Growing up, the Chocolate Hostess Cupcakes were the mostest. But after a kid in a candy store style binge on brownies, the implications of over indulging on chocolate got the best of me. I swore off all things chocolate for a long while. That’s when I reached for the Orange Hostess Cupcakes, instead of their more popular chocolate counterparts. Coincidentally, that’s when I realized I’d been missing out on something glorious for the better part of my childhood. This Orange Cream Cake is an ode to that citrusy discovery.
I’ve been picturing this orange cream dream in my mind forever. It’s been at the top of my running recipe idea list since 2017. I’m often intimidated by layered, multi-component cakes, therefore I generally keep my cakes simple. But, I was more than ready to finally tackle this Orange Cream Cake. Conceptualizing, developing, testing and perfecting this recipe turned out to be almost as traumatizing as the bad brownie experience I had as a kid.
Getting this recipe just right was a tumultuous and trying effort that required countless iterations.
Everything that could go wrong during development, did. Somehow, I over-baked the cake. I didn’t add enough color and ended up with an uncomfortably realistic flesh-tone version. I made the icing ganache too runny. Then, I waited too long to apply the ganache and it thickened. A heat proof glass bowl cracked while making the Meringue Buttercream Filling. The swirls, ugh the swirls. I went in with an overload of confidence the first time, making a mockery of the swirl-age. Then I got too in my head and overthought the piping.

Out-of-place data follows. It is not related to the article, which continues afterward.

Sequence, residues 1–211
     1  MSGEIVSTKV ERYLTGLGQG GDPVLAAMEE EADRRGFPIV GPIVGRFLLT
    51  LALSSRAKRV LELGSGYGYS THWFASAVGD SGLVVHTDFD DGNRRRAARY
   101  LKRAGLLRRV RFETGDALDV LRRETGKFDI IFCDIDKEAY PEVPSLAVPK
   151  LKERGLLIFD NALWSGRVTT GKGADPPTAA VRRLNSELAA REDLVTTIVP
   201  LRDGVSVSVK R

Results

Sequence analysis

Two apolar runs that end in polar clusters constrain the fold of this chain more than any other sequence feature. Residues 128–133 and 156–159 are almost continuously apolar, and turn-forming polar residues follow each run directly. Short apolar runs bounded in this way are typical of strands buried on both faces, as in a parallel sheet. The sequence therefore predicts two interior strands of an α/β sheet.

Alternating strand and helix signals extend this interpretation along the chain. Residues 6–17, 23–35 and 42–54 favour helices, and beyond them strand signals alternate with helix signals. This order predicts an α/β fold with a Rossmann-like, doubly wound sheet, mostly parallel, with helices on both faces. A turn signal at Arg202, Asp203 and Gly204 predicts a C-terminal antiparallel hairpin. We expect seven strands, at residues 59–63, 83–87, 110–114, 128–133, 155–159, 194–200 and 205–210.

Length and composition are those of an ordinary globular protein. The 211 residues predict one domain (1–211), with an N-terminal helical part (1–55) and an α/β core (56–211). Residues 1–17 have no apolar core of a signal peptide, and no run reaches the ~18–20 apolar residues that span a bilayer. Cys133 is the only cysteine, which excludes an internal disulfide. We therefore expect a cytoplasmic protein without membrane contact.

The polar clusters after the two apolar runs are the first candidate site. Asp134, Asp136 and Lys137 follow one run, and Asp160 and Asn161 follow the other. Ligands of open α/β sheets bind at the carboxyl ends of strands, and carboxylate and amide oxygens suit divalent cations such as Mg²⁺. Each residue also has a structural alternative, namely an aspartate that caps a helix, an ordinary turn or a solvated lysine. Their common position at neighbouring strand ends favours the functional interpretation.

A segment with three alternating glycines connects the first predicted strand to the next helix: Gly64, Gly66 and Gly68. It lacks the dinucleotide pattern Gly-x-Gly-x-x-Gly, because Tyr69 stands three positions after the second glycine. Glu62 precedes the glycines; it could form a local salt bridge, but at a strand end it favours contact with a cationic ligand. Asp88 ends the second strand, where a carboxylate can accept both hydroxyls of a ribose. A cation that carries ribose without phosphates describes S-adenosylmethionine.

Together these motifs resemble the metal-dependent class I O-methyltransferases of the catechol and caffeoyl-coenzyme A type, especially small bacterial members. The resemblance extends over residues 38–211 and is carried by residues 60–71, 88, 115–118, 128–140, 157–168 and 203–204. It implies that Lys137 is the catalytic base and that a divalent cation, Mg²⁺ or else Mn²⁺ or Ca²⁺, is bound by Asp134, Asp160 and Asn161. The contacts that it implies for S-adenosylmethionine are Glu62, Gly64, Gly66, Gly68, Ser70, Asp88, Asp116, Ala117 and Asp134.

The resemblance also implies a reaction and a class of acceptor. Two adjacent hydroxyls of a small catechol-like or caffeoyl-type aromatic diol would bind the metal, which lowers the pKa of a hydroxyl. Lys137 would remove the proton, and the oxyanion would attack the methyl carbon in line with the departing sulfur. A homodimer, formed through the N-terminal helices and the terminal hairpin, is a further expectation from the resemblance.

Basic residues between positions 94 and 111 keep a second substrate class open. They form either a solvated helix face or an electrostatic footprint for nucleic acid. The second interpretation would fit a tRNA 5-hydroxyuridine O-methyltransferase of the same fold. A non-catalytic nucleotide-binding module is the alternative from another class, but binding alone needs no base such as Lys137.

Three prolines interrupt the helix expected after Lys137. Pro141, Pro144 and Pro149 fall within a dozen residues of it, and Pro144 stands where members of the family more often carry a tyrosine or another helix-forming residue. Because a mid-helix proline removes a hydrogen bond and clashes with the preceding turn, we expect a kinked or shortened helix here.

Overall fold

A host of unfortunate happenstances hit and I experienced a whole range of emotions; spanning utter defeat and frustration to pure jubilation. I almost gave up on this Orange Cream Cake many times, but I pressed on. Aren’t we glad I did?
Next to the trackpad of my laptop is a thick lacquer of shiny meringue. There is orange ganache icing dripping all over my kitchen. Currently there are 3 different versions of this Orange Cream Cake on my dining room table. All at varying stages of the development process.
It was a long road to get here but I can officially and proudly proclaim, this Orange Cream Cake is everything I’d been dreaming up.
Striking the right balance in flavor, texture and aesthetics took some serious doing. However, it’s here and it makes my heart so happy to share it with you!
In an effort to recreate the Hostess Orange Cupcakes, I had to start at the source.
I tracked down a box Hostess Orange Cupcakes and got to work. I began by cutting right in and taking a bite. Making notes of the overall texture and flavor. Then I broke it down further and tasted each individual component of the cupcakes. The cupcake, the filling and the icing. After repeated tastings and floating the flavors around in my mind, I landed on the 3 distinct components for my Orange Cream Cake version.
Orange Yellow Cake
The cake of the original Hostess Orange Cupcake is a little spongy and moist with a medium density to the crumb. I was able to achieve a similar, albeit more flavorful cake, by adapting a classic Yellow Cake recipe to be a bit lighter and a lot more orangey. Here’s how…